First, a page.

I know it can be intimidating when you approach a designer for the first time–especially if this isn’t work you need very often–if ever before!
One of the best things you can do to make sure that the designer-client relationship is a smooth one and you find someone that’s a great fit (I believe that fit is just about the most important aspect of a project’s success) is ask some questions of yourself before ever approaching designers you’re interested in working with.
While these hints are specific to website design, you can easily adapt them to any design project or similar collaboration.
1. What sort of relationship do you want?
This sounds like a weird thing to consider, I know, but stay with me here. This really speaks to fit. When people work with me, for example, I don’t just design a website and say goodbye. I talk through strategy, how their website fits into their marketing and business goals and make recommendations along the way for what we can do both right now to better meet those goals, or for roadmapping items in the future. Because I previously ran communications departments, that’s what I’m hardwired to do–take a top level look at what we’re doing. However, that’s not what everyone wants. I’ve referred great gigs to other professionals when it’s been clear that the client didn’t want that sort of relationship.
If you want your designer to train you and keep you looped in every step of the way, make sure the folks you’re talking to know that. If you’d rather be hands off and just sign off on revisions and designs, that’s important for folks to know too.
Communicating your expectations is really critical. And if you don’t know–ask the folks you’re talking to about what’s normal for them. I’m always happy to talk people through that process, as are most design professionals.
2. If you’re redesigning your site, what isn’t working for you anymore?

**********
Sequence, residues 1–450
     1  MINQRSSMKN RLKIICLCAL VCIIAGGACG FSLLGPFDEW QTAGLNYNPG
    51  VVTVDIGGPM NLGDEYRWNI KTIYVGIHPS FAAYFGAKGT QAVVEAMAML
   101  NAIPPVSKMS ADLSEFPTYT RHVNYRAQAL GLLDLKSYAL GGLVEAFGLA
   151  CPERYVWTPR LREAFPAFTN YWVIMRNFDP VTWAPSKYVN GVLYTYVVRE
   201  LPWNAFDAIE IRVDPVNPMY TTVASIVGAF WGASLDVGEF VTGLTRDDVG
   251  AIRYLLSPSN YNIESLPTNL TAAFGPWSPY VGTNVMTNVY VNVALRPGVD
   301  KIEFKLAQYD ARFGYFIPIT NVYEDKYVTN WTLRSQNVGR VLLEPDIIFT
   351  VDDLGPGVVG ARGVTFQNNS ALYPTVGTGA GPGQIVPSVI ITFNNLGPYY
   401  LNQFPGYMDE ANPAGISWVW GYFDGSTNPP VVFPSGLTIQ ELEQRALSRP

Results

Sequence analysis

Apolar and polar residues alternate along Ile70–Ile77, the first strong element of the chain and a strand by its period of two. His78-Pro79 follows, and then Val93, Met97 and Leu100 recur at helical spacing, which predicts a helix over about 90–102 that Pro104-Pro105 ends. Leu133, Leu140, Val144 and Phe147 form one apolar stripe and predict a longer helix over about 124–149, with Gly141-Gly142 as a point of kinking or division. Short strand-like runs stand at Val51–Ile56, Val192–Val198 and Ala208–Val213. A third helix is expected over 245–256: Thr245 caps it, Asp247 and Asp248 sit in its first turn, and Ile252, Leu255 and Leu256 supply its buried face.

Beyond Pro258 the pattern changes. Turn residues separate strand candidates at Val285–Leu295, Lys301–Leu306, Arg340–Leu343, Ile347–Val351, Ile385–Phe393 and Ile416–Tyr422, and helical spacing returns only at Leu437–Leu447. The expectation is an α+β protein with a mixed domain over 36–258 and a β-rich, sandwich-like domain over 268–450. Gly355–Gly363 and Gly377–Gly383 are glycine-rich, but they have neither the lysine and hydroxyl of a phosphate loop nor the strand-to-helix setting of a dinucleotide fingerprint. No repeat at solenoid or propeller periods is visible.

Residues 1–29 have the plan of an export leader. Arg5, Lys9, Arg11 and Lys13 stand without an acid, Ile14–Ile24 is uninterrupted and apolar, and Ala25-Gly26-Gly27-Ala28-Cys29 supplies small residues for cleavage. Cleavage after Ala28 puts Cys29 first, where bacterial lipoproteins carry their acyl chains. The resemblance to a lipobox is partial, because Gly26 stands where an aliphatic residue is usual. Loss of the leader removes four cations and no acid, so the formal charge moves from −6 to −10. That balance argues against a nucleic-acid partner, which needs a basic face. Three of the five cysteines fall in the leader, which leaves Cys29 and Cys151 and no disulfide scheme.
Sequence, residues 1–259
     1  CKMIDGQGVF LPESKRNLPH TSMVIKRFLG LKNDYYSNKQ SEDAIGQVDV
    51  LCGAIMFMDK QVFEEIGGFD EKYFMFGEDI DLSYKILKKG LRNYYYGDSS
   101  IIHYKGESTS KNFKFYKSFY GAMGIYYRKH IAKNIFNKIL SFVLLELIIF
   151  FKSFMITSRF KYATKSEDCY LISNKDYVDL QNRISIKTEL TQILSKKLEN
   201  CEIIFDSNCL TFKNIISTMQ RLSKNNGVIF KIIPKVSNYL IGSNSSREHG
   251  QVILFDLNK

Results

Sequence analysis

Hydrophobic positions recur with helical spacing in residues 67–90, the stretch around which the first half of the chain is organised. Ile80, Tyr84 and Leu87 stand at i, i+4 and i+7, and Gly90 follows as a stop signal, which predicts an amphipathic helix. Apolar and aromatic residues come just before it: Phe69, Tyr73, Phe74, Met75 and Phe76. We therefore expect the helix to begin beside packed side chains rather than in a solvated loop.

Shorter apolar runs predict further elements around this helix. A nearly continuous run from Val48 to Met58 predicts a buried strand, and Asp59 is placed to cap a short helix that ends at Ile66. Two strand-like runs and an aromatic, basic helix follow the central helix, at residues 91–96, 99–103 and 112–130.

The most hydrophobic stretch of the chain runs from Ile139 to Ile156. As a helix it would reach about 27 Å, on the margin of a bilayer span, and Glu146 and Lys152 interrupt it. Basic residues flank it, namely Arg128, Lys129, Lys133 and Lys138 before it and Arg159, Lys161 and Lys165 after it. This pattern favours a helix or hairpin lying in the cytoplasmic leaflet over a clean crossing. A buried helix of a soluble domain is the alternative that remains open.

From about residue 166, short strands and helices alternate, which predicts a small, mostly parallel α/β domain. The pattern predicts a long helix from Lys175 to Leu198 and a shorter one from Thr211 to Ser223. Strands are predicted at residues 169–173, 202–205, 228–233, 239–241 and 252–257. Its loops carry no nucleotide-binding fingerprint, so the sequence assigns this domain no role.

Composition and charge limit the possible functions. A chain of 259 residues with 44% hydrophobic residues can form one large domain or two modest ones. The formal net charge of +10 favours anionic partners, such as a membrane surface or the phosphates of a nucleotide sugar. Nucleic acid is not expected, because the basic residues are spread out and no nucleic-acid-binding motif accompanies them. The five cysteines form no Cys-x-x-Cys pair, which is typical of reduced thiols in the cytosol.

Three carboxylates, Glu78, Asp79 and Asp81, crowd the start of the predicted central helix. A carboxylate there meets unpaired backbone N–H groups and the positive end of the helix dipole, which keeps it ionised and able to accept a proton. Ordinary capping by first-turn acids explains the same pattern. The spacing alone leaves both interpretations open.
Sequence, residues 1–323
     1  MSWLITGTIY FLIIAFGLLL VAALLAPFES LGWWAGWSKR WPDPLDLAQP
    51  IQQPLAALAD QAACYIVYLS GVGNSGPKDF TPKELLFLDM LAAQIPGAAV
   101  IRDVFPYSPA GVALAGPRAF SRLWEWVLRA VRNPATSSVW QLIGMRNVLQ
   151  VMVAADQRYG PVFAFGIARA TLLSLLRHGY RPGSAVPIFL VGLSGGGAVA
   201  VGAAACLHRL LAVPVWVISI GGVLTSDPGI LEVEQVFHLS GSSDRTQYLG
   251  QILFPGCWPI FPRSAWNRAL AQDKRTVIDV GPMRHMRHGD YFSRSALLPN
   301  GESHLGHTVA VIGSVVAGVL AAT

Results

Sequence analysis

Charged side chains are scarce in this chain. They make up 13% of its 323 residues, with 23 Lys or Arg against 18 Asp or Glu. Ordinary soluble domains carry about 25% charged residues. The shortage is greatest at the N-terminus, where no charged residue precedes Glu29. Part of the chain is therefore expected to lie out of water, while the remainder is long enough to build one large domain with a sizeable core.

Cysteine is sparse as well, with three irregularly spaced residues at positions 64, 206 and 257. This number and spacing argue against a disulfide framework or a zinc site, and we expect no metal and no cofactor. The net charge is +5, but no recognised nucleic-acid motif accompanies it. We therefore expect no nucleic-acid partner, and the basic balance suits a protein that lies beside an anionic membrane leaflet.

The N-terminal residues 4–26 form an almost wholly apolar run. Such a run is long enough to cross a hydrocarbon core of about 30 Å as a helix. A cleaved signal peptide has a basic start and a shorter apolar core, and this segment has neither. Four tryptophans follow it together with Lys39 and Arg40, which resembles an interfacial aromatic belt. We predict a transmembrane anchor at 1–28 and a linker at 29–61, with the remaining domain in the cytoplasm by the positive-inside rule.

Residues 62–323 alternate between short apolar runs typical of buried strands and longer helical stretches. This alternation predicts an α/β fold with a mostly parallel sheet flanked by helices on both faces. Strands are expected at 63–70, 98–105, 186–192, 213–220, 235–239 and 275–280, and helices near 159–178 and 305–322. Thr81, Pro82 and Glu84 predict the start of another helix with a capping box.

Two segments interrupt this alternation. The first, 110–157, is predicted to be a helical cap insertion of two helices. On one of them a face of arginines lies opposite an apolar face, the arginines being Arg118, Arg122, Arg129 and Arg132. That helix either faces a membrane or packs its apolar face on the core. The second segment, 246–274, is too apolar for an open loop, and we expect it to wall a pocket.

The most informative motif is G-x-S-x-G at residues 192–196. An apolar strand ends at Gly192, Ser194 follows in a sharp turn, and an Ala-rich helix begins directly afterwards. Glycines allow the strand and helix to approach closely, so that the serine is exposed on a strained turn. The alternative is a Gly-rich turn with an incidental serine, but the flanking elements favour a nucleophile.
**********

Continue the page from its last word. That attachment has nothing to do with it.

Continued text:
This is a question that I ask all the time with my redesign clients. It makes a lot of sense to spend some time really critically not only looking at your design (which is often the impetus for a change), but also the functionality and how you would–in a perfect world–like to use your website.
I recently sat down with an old friend to talk about his company’s website and this was the first question I asked him. As we talked, we discovered that there were all kinds of business processes that his website could help make more effective and efficient. This is a really common scenario! It’s worth talking to your designer/developer about this sort of thing because even if you’re not going to implement, say, online scheduling right away, it’s something you can plan for and ensure your new site’s infrastructure supports.
3. What do you absolutely hate with regard to websites and design?
This is a question I ask all the time now–but I never used to. Things changed when I put a lot of work into a website concept built around water imagery only to discover that the client despised this sort of metaphor! Boy, did I feel terribly. Fortunately, it all ended well and we came up with an idea that perfectly matched what the client was hoping for, but if I’d asked this question, I would have known from the beginning to avoid that sort of visual element.